Adam studies the effects of climate change on animals, the interactions they have with each other and plants, and the cascading impacts of climate change on humans and how we live in a rapidly warming world.
Adam’s previous research focused on large predators,like alligators and sharks. At Yale he’s begun studying smaller predators like spiders. His work is motivated by the idea that predators are critical to ecosystem stability and that their removal through over-hunting or climate change can radically change the ecosystem in both form and function, resulting in a loss of critical ecosystem services such as timber, clean water, and flood protection.
Currently Adam works on how combinations of climate change variables, like warming temperatures and more frequent droughts, simultaneously impact predators and whole ecosystems. To do this he creates experimental, self-contained mini-ecosystems in New England forests, stocks them with different species of spiders (e.g., wolf spiders and jumping spiders) and their prey, and then manipulate the temperature and rainfall patterns to see how the organisms and the ecosystem as a whole respond. Previous work in this experimental system has found that warming alone can lead to extinction of some of the spider species, which can then lead to changes in prey abundance and ecosystem nutrient cycling rates. Though spiders are small their abundance and wide distribution are consequential with significant environmental impact.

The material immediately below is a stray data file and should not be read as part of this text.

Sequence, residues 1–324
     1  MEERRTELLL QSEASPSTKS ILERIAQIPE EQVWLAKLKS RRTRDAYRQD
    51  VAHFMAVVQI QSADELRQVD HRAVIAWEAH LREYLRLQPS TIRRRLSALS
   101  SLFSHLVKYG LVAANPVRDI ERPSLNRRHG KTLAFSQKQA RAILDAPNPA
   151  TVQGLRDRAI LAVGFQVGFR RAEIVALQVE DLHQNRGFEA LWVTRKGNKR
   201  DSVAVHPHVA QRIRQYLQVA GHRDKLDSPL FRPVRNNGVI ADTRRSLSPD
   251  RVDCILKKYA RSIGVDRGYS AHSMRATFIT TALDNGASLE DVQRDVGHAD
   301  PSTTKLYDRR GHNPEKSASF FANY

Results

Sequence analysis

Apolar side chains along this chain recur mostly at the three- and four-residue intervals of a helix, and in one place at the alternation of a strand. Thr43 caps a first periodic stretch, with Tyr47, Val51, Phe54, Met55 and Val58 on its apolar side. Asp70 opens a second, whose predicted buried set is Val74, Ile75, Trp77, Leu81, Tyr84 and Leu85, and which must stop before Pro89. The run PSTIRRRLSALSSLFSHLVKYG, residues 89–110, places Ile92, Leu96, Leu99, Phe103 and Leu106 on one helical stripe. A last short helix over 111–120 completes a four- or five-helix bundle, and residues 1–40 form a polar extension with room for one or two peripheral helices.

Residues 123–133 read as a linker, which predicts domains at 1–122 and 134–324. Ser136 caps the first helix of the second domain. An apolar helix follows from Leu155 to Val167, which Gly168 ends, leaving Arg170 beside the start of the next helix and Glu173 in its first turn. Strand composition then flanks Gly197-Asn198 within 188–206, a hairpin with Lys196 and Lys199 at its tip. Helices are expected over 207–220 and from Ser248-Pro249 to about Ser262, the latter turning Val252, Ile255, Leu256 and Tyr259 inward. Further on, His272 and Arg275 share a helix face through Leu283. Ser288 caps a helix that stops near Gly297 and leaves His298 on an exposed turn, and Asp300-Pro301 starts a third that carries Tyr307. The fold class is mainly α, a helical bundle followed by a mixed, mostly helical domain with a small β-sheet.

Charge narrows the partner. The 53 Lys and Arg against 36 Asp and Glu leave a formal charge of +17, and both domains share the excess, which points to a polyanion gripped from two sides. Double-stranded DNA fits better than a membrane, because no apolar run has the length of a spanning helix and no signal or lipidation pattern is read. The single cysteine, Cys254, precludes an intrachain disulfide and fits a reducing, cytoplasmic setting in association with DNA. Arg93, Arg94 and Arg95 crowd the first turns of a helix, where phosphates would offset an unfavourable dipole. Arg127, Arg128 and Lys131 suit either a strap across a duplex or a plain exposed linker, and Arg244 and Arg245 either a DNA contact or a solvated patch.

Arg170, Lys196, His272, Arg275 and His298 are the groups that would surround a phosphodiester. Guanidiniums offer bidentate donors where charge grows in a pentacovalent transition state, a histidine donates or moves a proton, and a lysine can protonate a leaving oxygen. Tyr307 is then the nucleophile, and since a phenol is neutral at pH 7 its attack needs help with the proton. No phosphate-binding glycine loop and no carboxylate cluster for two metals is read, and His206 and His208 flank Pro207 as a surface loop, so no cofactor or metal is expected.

Adam’s ultimate goals are to predict how predators and the ecosystems they inhabit will respond to climate change, inform people about how changes to ecosystems can affect humans, and help inform predator population and ecosystem management strategies. Most people think of predators, especially large ones, as scary and dangerous. Though they can be threatening at times, they also deserve our respect because they’re fascinating, charismatic creatures that can play critical ecological roles in ecosystems and help maintain the balance of nature.